By Donald P. Ames
Two men, good friends, decided to build homes on the ocean front. The first man consulted an engineer, who advised him to build back about a block on a good rock foundation. This required a road to be made to deliver the materials, the clearing of the land, and not quite as pretty a view as he had hoped for. Nevertheless, taking the experience of the engineer into consideration, he followed his instructions. Finally his house was finished, and he moved in.
The second man looked at all the “extras” the first had incurred, and decided he had learned from the first man’s “mistakes.” He built his house much closer to the beach. And since he did not have to hire a special engineer, clear the land, and build a special road, he was able to build an even nicer home than the first man. Indeed he was proud of his fine home and happily moved into it.
As the summer came, the second man enjoyed many advantages. He had a nice beach for his kids to play on right by the house. Friends flocked in, admiring the view, the sunset over the ocean, and the convenience. “Why one could almost fish from the front porch and not have to sit in the hot sun,” they said. And he would point out his friend’s house and openly wonder why anyone would want to build so far from such beauty.
Even his friend began to have second thoughts. If he had not spent so much on the “extras,” he could have had an even bigger, nicer home. And he grew tired of lugging all his fishing gear down to the beach. Friends seemed to flock to his friend’s house, but not nearly as many came to his. He even began to question if perhaps he had made a mistake since his friend was doing so well. Maybe he ought to put his house up for sale, and build one down on the beach like his friend had done. After all, his friend had lived there for several years and was having great fun. His friend’s house was bigger and nicer. It was certainly more convenient. And his friend was a good man, well informed and practical; and in this case, maybe had shown the greater wisdom. “Why had he listened to that engineer in the first place?” he wondered.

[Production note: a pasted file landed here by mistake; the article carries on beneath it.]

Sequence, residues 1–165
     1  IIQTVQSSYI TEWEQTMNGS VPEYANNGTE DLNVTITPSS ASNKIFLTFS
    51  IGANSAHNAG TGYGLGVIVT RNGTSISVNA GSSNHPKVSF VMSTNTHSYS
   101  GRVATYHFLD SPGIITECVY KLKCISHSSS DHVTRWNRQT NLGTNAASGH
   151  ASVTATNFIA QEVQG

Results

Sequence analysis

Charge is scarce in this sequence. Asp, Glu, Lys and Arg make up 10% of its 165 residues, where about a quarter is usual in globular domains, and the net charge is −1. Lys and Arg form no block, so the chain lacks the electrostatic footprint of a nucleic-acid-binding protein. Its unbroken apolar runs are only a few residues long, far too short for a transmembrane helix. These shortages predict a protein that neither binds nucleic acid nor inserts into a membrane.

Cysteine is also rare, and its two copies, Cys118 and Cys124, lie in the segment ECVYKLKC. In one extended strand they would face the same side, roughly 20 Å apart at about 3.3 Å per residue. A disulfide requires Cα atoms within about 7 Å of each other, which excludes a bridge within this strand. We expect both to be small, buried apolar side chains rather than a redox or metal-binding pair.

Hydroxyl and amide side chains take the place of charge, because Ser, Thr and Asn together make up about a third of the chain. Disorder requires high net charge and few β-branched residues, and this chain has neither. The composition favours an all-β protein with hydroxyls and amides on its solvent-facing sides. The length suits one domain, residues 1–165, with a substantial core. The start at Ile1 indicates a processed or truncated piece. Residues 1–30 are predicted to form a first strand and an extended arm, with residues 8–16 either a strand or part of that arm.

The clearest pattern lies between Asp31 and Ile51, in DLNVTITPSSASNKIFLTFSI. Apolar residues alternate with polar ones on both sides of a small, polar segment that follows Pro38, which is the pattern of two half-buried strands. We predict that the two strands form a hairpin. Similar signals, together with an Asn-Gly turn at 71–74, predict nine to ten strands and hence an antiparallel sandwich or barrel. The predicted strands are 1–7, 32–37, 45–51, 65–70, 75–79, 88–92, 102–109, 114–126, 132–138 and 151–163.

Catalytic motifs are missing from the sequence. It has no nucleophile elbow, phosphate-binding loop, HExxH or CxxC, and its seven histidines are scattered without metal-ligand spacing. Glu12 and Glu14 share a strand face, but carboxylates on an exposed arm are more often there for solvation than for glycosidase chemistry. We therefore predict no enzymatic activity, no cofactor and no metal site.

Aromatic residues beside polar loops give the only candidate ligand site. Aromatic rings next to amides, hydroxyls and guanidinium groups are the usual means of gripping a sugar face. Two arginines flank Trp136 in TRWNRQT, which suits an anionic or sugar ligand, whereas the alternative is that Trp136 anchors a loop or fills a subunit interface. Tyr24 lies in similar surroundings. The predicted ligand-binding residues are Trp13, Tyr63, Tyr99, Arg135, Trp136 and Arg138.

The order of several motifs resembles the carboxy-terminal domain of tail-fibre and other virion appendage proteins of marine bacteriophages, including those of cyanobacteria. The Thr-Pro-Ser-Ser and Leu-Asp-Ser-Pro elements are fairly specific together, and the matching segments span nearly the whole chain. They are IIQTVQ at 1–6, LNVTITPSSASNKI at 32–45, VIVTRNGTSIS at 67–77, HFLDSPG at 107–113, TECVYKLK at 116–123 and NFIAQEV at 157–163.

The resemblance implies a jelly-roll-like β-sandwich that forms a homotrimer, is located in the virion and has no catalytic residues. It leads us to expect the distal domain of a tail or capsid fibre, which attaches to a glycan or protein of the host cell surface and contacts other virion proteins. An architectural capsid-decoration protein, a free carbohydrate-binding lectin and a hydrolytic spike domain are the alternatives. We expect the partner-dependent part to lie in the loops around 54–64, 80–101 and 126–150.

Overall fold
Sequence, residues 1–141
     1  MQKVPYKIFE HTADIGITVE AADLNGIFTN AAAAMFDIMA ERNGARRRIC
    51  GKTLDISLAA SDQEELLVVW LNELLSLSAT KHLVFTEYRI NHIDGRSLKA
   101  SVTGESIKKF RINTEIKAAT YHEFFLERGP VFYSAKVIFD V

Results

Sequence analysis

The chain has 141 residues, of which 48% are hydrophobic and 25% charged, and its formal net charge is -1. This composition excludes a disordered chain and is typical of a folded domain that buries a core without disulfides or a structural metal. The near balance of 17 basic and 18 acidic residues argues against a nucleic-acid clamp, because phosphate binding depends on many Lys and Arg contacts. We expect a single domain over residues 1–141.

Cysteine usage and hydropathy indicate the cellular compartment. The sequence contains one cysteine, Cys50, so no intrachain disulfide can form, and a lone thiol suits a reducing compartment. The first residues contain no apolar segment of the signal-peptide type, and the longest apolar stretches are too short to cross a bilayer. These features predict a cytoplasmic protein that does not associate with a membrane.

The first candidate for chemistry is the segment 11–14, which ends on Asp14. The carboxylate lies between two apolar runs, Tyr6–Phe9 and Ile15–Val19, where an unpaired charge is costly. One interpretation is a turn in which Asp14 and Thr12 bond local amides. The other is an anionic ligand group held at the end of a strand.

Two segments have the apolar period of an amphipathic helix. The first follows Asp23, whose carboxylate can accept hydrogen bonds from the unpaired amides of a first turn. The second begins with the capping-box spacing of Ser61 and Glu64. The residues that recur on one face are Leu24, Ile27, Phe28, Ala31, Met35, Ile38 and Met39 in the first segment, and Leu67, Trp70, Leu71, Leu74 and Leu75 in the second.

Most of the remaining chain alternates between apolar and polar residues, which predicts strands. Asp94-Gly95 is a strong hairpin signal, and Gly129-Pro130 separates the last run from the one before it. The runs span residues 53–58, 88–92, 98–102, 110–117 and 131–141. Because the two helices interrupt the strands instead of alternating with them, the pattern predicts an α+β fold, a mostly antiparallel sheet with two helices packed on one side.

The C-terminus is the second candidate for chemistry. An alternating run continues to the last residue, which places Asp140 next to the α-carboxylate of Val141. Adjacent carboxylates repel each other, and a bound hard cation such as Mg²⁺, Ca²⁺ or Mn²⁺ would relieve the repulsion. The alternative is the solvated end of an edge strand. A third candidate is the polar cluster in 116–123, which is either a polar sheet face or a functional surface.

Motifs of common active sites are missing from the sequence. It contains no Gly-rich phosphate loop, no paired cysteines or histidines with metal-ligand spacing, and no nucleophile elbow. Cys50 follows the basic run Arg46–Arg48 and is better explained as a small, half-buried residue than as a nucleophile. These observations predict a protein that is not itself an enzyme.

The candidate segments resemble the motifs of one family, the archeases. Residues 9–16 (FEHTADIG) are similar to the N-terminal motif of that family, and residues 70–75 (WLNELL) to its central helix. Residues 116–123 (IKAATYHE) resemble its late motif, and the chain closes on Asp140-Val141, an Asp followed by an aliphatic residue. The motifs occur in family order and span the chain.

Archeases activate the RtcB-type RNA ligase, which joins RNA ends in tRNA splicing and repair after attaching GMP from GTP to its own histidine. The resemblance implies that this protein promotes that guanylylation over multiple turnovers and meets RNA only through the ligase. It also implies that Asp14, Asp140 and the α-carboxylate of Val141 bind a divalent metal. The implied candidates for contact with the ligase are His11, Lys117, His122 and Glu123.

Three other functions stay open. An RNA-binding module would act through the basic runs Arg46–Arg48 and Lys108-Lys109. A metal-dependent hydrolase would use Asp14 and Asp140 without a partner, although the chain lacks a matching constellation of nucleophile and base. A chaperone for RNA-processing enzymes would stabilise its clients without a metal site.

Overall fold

Then one year an “E1 Nina” developed. The weather began to change and storms became more frequent. As the storms increased in intensity, so did the size of the waves. Soon the beach began to erode and disappear. Before long, the house of his friend was endangered. They tried to stop the erosion, but to no avail. The sand began vanishing, and the house began to totter. Finally it cracked in half and fell into the ocean. The waves soon moved up and the rest of the house collapsed. His friend was ruined. All that he had was tied up in that home. His furniture was gone. The insurance did not cover this type of storm. It was a total loss!
However, since his own house was further away and on a solid foundation, it was not affected. “How thankful I am,” said his wife, “that we hired that engineer. Our house may not have been as big and convenient as his, but at least we still have a home.”
So is he that hears the word of the Lord and does it. Others may evaluate both houses, and maybe even pro- claiming the one bigger, better, and nicer than the other. They may regard the character of both contractors to be equally as good. You may even begin to question of what value is it to be a Christian — he has all of the advantages! But watch and wait . . . wait . . . wait! When the storms of life do come — and they will come — when the storms of grief, of bereavement, and of temptations, etc. come; the house built solidly on the word of God will be the house standing strong after the sweeping storms are passed. It will be able to weather the storms because it had God as its engineer! It had God as a sure foundation! And it had God in its future!
Now, what kind of a foundation are you building on? Go back and read Matthew 7:24-27 and Psalm 73!